Giving in to Lurid Curiosity

beheading copy

Earlier this month Facebook came under fire for allowing users to share a graphic video of the beheading of a Mexican woman (a screen shot is shown above). After see-sawing back and forth on the decision whether they should allow such a thing, the website ultimately took down the video. According to The Telegraph, Facebook felt that it was not appropriate to allow viewers to access content that “[glorifies] violence.”

We could go on with discussing this decision in light of the First Amendment and the wild west nature of the wide open Internet, but this post isn’t about that. It’s about giving in to lurid curiosity and allowing hurtful, damaging content to find a home in our minds. One can only imagine that the video of the woman is shocking. But be honest: If given the chance, would you watch it? If anything, just out of curiosity? I’ll admit that I nearly watched it myself. But just as I was about to click the play button, I quickly stopped and closed my browser window. Why? At the last second I found myself thinking “You have no business watching this disgusting video—nothing good can come from it. Don’t signal your approval by watching it.”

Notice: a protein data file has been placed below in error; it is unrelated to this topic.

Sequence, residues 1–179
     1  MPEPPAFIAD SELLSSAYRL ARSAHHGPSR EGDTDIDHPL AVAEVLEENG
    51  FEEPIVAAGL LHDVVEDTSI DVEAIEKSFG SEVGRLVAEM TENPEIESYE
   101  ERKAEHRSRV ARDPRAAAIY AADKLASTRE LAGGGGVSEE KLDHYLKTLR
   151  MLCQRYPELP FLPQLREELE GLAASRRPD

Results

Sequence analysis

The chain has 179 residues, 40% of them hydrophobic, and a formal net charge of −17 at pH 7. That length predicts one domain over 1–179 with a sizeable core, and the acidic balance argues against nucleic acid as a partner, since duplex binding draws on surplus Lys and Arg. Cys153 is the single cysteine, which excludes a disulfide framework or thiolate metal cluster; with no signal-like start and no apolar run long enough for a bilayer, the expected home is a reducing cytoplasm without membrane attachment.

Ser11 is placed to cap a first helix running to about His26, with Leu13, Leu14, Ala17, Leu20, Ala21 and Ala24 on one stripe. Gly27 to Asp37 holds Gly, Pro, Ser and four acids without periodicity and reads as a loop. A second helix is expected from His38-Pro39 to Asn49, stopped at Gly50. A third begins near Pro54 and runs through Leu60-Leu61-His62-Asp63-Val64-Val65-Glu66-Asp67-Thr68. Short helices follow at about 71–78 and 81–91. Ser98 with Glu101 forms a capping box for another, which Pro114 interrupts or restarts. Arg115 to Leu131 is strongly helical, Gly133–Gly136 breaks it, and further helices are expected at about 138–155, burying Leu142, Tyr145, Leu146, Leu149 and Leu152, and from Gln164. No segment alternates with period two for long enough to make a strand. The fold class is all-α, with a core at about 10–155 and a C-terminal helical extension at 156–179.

I think Jenny McCartney of The Telegraph said it best: “Some videos should never be watched.” Indeed. Such content is available on the Internet if you look for it, and as McCartney points out, it’s likely that we will continue to be tempted. “The censors are retreating,” she writes, “but the test of character throughout history has not been how you behave when you are prevented from doing something questionable. It’s how you behave when you are allowed [to].”

2 thoughts on “Giving in to Lurid Curiosity

  1. The article penned by Jenny McCartney to which you refer also mentions the idea of ‘snuff films’ and mentions that nobody should be allowed to earn profits from such material. Given the amount of advertising on typical social media pages (or pretty much every web page these days), any content on those pages attracting viewers is also, by default, providing a revenue stream to the advertisers. With this financial reality in mind, it follows that this video clip fits the definition of a ‘snuff film’, if loosely applied. Somebody is profiting from it being posted…

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